Saturday, November 08, 2014

Understanding "one in a million" in the age of big data

This is a great article for several reasons. My short version of what it says is: if you evaluate one million million-to-one propositions, it is likely enough that one of them will be "true".

First, it reinforces the idea, well-known in many quarters, that it is possible to be a superior stock-market trader. It particularly undercuts the idea of "technical analysis", something I have always doubted and dismissed.

Second, I've always thought this is one of the things that causes people to assign meaning to improbable but coincidental events in daily life. The hours and years of daily life offer so many different opportunities for patterns to emerge, everyone is bound to experience a few that seem remarkable, but are nevertheless entirely coincidental. (You may at this point call me unromantic or bloodless--I prefer the former, but I'll answer to either :) )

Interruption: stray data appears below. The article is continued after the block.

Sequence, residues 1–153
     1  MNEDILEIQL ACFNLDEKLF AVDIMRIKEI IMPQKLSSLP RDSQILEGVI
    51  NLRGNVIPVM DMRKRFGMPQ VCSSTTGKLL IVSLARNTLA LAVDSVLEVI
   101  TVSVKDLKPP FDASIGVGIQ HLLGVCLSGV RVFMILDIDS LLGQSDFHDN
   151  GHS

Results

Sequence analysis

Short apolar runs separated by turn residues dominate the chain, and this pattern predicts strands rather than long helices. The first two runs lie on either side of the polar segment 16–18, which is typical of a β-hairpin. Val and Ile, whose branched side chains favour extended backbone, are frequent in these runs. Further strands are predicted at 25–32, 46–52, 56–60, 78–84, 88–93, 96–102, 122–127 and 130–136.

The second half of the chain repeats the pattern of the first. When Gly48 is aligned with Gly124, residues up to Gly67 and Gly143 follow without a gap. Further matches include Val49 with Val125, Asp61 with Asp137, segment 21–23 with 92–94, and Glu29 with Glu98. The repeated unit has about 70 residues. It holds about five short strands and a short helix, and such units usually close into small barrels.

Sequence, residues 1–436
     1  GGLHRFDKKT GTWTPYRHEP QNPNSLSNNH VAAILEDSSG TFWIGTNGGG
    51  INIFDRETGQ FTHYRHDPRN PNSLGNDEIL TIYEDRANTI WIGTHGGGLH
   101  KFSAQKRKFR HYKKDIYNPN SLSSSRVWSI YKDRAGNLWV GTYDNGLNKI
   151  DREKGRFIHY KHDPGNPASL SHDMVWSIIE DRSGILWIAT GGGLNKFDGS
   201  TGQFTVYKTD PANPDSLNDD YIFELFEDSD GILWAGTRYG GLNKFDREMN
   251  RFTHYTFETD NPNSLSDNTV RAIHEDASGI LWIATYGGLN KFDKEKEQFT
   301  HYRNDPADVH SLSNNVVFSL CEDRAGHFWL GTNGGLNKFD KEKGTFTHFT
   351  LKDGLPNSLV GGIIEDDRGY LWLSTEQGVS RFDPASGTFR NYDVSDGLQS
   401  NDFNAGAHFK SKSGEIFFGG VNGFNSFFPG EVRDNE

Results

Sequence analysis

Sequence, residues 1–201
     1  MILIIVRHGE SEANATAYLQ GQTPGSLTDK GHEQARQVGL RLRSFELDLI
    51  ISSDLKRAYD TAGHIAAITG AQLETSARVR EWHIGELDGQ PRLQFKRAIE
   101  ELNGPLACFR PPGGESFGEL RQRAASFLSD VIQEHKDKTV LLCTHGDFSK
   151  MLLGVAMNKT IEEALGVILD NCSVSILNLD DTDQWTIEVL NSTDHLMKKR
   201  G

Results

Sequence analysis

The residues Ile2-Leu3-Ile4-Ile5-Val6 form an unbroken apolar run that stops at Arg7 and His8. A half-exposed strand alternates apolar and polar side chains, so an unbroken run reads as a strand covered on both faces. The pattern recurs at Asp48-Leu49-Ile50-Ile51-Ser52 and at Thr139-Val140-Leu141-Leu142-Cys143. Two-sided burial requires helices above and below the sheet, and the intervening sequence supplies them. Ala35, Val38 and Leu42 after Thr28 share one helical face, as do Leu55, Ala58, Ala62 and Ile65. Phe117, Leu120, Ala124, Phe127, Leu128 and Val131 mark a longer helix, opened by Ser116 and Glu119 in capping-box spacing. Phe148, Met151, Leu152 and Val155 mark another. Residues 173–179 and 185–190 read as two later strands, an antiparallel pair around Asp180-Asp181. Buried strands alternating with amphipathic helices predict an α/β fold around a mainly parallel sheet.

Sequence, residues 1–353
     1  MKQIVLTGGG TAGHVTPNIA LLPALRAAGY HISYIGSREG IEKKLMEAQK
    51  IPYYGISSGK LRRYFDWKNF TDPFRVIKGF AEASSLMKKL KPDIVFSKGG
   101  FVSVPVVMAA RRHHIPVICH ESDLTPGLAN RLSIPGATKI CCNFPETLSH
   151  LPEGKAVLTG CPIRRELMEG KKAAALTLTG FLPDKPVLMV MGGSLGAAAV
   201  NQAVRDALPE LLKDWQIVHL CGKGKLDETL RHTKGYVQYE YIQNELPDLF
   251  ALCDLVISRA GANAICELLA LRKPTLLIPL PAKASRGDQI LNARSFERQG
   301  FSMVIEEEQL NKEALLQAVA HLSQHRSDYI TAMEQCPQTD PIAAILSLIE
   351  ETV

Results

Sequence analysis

Third, although I'm not sure the article explicitly makes this point, it is yet another cautionary tale of the dangers of mixing correlation and causation. The most aesthetically pleasing way to discovery is to first formulate a theory, and then to prove it with data. Next best is to proceed from observational data, to formulate a well-constructed, internally-consistent theory that relies on well-known first principles. Less appealing is to find a correlation in data, and to construct a theory from it, using new principles that may amount to a post-hoc explanation, rather than time-tested principles. Worst of all is to take a statistical observation as law, without any underlying theory at all.


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